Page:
Compete, But Run Your Own Race

Compete, But Run Your Own Race

When it comes to excelling beyond the competition sometimes our most formidable opponent is ourselves, especially in sales. Distractions cause inefficiencies and when the competition is fierce we must focus on excelling where we differentiate.

Two weekends ago I participated in the Yosemite Half Marathon with no expectations but to compete to the best of my ability. It was the third annual event that sold out with over 2500 participants. Its popularity can be attributed to the amazing destination of the race itself and to the attainability of completing a 13.1 mile half marathon (versus a full marathon of 26.2 miles).

For me, this race was to claim victory on my well-being as it was my first half marathon since I dealt with some health issues in the Fall. From October through mid- January I wasn’t allowed to run, but was motivated to get back to training so I could run with my Reno-Tahoe Odyssey 5-Man Ultra team at the beginning of June. Each of us will run between 34 and 38 miles each to complete the 178 mile relay around the Reno and Tahoe Basin in less than 24 hours.

In sales we must always stay conditioned if we’re to perform at our best. Keeping up to date with industry trends, knowing and clearly articulating your unique value proposition, refining your craft, staying healthy and maintaining a solid network will help keep you in the game.

On the other side of the coin, it’s important to reflect on why you didn’t get the sale. Don’t lose the lesson…

  • PREPARATION: Did you conduct sufficient research about your prospect? Were you prepared to respond to objections or answer the tough questions?
  • SKILLS: Did you align your pitch and product to their needs? Were you confident in your presentation?
  • TIMING: Did you properly assess and identify when your prospect needed your services so you could effectively follow up?
  • DESIRE: Did you prove to your prospect that you were fully invested in their success?
  • TRUST: Were you consistent with everything you promised to deliver?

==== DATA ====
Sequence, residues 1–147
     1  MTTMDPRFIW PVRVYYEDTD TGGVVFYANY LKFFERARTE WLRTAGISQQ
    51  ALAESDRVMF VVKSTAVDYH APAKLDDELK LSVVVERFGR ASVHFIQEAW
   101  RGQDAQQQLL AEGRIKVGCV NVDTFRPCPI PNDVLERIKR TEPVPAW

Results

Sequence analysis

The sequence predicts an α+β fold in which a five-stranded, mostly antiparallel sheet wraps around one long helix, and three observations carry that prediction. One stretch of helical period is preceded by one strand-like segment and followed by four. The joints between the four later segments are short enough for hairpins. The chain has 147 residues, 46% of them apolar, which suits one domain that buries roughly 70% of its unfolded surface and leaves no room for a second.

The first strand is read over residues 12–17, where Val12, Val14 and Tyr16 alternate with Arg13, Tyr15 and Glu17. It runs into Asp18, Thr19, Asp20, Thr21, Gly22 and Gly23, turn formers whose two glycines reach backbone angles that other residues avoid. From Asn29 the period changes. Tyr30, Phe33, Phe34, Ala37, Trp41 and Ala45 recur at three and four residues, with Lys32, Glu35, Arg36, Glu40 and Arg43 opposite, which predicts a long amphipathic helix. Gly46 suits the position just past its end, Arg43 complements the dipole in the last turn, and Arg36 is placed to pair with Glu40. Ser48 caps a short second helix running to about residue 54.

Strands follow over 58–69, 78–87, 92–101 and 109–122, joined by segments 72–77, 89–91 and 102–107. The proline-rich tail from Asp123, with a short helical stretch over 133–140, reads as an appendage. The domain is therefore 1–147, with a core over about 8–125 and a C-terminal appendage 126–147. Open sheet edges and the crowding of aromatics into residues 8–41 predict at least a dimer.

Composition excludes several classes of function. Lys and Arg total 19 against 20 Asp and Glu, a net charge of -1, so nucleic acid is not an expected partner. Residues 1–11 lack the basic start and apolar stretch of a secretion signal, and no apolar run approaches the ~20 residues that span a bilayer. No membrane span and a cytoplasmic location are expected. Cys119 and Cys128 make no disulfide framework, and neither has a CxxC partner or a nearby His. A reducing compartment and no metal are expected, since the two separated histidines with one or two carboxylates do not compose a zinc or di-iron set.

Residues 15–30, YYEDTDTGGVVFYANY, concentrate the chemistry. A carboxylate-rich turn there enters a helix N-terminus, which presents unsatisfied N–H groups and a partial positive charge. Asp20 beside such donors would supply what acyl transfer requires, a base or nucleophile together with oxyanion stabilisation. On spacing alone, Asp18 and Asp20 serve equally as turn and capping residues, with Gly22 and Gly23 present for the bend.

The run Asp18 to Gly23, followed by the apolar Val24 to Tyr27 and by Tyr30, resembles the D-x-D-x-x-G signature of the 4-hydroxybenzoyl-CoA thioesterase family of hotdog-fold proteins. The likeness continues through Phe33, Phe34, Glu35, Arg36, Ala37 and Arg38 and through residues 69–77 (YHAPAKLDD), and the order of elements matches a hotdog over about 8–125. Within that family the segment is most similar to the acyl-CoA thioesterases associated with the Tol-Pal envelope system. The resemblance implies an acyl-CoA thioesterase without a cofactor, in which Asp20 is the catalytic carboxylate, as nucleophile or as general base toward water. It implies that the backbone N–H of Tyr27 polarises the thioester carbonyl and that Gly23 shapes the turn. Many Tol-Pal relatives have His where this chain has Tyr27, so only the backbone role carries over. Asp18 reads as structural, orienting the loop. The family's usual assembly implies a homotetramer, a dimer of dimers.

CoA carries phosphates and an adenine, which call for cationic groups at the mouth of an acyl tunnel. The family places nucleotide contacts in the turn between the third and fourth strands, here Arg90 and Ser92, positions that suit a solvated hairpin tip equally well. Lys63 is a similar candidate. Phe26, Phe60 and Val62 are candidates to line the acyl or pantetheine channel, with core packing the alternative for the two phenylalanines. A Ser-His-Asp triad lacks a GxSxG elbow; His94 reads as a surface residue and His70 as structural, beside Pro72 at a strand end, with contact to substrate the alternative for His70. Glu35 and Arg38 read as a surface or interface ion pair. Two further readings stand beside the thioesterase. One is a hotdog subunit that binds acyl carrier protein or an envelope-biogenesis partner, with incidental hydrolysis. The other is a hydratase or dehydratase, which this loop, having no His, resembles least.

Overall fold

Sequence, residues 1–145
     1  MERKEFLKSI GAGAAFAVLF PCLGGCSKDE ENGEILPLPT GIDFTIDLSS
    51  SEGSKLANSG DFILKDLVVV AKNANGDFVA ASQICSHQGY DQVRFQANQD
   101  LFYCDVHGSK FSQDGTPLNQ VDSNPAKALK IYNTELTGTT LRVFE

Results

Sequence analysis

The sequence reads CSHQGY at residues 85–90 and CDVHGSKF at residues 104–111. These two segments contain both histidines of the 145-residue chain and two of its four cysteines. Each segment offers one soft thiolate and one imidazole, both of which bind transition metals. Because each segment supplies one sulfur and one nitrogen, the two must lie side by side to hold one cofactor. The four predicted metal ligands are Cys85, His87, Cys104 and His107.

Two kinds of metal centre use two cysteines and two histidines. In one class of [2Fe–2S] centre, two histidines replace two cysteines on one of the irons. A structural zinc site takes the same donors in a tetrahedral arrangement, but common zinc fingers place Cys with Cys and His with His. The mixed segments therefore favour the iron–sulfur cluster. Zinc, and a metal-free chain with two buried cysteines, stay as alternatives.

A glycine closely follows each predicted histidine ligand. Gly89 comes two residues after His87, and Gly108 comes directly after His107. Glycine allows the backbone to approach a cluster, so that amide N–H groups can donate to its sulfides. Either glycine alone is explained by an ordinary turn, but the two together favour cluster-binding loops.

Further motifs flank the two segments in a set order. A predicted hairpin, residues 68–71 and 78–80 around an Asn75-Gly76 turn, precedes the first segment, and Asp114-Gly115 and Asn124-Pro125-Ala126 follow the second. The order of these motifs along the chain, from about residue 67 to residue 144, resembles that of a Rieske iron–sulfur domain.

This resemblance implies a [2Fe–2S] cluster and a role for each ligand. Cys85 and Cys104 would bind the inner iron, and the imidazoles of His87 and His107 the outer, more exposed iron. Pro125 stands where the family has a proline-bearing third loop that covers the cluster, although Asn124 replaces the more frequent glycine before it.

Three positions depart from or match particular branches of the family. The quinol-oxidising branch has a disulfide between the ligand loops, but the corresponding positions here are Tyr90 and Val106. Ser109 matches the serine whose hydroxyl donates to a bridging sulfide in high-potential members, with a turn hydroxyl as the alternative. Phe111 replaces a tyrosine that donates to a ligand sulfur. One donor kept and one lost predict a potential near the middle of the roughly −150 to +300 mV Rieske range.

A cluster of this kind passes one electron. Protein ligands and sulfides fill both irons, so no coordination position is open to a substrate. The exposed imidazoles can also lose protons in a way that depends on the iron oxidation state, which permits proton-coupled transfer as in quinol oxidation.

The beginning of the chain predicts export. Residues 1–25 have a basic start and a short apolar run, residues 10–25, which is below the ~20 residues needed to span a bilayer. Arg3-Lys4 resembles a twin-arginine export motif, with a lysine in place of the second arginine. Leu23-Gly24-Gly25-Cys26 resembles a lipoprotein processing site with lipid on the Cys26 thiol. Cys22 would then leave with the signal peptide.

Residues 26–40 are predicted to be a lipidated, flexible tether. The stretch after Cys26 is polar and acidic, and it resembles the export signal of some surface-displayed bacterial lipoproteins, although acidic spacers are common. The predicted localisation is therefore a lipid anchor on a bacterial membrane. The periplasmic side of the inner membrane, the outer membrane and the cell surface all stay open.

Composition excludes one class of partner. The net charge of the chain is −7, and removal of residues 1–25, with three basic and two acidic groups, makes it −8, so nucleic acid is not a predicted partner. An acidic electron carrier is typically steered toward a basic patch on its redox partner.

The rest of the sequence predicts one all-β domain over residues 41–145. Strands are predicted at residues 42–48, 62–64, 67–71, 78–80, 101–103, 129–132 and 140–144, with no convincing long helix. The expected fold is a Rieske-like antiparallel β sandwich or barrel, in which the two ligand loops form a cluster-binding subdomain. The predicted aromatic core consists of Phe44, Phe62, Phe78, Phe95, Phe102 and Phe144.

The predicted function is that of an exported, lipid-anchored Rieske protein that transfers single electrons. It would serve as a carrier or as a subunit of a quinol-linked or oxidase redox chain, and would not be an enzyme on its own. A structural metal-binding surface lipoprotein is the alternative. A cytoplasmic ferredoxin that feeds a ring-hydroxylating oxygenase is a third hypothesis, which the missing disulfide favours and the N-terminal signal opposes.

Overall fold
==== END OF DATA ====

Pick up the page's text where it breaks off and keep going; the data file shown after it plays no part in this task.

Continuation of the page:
When your skills and resources are optimized in a competitive marketplace you will always have chance to win. This is when we must run our own race and differentiate from others.

When we’re neck and neck with the competition, we must deliver value in where we excel. Anyone can win on any given day.

I would go on to finish the Yosemite Half Marathon with a time of 1h 38m 33s. Not my fastest half, but faster than my goal time by over 6 minutes.

A couple hours later, I returned to the race site because my buddy was anticipating to place in his age group and receive a medal. That he did. What we didn’t expect was I would place 131 overall among 2500+ participants. But get this…

I would go on to place 1st in my age group that day by 11 seconds. Sometimes we win by creating our own luck, and we do that with more focused effort and perseverance.

 

I may not have been the fastest overall runner on that day, but my competition among my age group (or if this were business, my market) most likely fell short in either preparation or desire. You will win more deals if you have the desire to improve and refine your sales game. Know your shit. Prove that you want to win.

Do you have a success story where you won a deal against the odds? Please feel free to post your success story below.

What I learned from Daymond John

What I learned from Daymond John

I am constantly seeking opportunities to refine my content, approach, and impact to deliver my best 60 to 90 minutes to an audience.

When I learned Daymond John would be speaking at the my alma mater on Friday February 20, I made it a priority to attend. Daymond is a pro, and I love Shark Tank! Off the bat, he was non-verbally communicating what to expect, where to find him, and how to engage by 3 experiential elements:

  1. His name and website were prominently displayed on the projector screens.
  2. Each person in the audience received a hand-out with fill-in-the-blank key take-aways, or “Shark Points”. A great tool to enhance comprehension.
  3. On the hand-out was the hashtag #ThePeoplesShark and Twitter handle @TheSharkDaymond to encourage social participation.

 

The presentation was a narrative about his roots, risks, opportunities, influences, set backs and breakthroughs. He did a great job weaving his Shark Points into his story in a sequential and easy to remember format.

Daymond reminds the audience that once we find out what we’re passionate about it’s important to remember that “you are the brand first” and to define yourself in 2-5 words. Even if you work for someone or some company, you are still your own brand. As I’ve realized through my Ironman accomplishments, sports business success, surviving brain cancer, coaching athletes, speaking and publishing experience, we all have an opportunity to brand ourselves by the lives we lead in a way others can benefit.

One of my favorite quotes of Daymond’s presentation was, “Life is a series of presentations”. We are all presenting ourselves each day through our actions, community, values, products, expressions, etc. Even Abraham Lincoln said, “Whatever you are, be a good one”.